DescriptionCharles T. Hayden built the first mill on the site in 1874. The original adobe mill burned about 1890, and the second mill built on the site, also constructed of adobe, burned in 1917. The existing three and four-story mill was built in 1918 by prominent valley concrete contractor, J. C. Steele. Constructed of cast-in-place concrete post, beam and integral slab construction, the structure is the largest known construction effort in Steeles career. The Hayden Flour Mill was the larger of two such mills that existed in the state in the 1980s, and operated a 4000-100 weight capacity pneumatically operated mill up until 1997, when milling operations ceased. The mill closed for good in March 1998.The Hayden Flour Mill is a three and four-story rectangular brick and reinforced concrete structure measuring 40 ft. by 140ft. The mill is located on the east side of Mill Avenue at the base of Tempe Butte. The exterior walls have discrete awing window locations and large freight door openings. The roofs are flat with minimal parapets. A pre-1927 brick grain warehouse is located west of the mill. Measuring 30 ft. by 110 ft., the rectangular warehouse has a concrete floor and wood truss gable roof. Later additions have been added to the mill on the east and north, and in 1951 a concrete grain elevator with seven silos was added to the site, southeast of the mill. The 1918 corrugated steel rollers, which replaced the original grinding stones, were still in use in the 1980s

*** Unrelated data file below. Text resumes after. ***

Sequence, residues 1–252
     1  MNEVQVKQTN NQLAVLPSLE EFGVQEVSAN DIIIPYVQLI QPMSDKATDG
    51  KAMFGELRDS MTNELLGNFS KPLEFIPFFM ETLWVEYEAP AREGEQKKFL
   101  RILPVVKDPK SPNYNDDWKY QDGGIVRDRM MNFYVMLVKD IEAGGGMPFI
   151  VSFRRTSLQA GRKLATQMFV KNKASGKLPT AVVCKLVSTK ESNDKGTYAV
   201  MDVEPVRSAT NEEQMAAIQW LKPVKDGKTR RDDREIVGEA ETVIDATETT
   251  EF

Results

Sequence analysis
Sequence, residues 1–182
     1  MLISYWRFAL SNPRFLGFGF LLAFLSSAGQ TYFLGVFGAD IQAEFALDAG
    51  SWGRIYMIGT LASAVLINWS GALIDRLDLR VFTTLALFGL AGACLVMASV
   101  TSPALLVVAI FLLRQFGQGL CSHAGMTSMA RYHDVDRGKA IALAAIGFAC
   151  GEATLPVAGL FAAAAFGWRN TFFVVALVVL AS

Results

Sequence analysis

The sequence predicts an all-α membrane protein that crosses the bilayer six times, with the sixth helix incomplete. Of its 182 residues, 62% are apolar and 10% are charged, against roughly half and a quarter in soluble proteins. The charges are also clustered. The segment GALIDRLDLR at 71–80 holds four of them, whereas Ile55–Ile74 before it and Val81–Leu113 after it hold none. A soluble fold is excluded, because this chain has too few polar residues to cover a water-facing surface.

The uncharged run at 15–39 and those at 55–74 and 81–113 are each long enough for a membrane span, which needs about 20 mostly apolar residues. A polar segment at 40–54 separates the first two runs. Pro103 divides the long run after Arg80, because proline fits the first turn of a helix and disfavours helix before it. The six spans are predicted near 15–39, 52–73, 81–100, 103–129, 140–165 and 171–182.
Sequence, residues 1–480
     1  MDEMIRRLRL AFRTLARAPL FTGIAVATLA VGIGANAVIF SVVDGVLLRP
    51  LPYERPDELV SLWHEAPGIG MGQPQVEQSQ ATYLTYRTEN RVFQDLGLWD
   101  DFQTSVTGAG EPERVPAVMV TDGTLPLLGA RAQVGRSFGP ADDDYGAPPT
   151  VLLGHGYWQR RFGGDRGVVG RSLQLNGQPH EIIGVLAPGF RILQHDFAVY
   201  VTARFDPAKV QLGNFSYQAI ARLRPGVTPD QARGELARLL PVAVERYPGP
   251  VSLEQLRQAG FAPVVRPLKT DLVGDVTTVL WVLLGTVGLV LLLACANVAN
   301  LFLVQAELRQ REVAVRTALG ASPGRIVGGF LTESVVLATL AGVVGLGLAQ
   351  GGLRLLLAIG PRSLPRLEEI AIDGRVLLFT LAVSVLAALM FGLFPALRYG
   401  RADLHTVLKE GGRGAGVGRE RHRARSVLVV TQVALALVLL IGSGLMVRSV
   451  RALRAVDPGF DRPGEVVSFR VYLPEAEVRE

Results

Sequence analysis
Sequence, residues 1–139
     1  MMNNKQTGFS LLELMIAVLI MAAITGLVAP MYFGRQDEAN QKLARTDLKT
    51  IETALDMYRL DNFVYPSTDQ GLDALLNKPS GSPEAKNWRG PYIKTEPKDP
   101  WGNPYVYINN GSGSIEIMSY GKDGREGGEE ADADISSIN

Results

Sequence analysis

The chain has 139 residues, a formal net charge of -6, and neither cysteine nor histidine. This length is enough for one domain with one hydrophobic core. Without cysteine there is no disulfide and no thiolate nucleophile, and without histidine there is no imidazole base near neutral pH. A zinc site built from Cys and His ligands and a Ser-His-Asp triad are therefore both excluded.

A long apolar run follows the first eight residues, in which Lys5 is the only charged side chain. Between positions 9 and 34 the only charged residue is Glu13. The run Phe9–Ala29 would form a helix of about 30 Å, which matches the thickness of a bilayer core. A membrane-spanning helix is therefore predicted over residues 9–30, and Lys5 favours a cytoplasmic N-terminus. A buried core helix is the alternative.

Ann Monteleone, Glendale, AZ Member Since June 2007 Artist Statement I have been always into photography since I can remember, from polaroid, 110, 126 to 35mm & digital now for the last 5yrs. Looking to do more photography... love photographing architecture, concerts, animals, urban exploration, cemeteries etc. I am originally from Brooklyn and love to photograph everything about NY & working on capturing different AZ shots - especially in urban exploration, historical or forgotten AZ & architecture.
Catalog Details Product No 399242 Subjects Style Medium TagsAnn, Monteleone